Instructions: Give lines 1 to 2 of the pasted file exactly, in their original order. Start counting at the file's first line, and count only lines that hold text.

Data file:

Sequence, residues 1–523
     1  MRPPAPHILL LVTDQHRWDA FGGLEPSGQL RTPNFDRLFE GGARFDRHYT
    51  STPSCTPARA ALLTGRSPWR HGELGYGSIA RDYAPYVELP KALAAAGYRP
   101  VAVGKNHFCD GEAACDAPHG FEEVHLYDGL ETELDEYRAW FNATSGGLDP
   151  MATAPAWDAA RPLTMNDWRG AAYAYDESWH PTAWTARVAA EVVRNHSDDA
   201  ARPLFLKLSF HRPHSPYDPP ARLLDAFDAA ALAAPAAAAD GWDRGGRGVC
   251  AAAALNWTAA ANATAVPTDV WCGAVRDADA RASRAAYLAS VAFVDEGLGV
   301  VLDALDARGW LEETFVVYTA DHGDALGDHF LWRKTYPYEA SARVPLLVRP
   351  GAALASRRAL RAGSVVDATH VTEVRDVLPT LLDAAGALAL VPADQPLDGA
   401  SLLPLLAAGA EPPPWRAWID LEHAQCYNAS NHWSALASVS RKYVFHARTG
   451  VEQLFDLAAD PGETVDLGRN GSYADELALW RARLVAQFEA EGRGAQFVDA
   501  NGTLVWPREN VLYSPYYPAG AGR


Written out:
Sequence, residues 1–523
     1  MRPPAPHILL LVTDQHRWDA FGGLEPSGQL RTPNFDRLFE GGARFDRHYT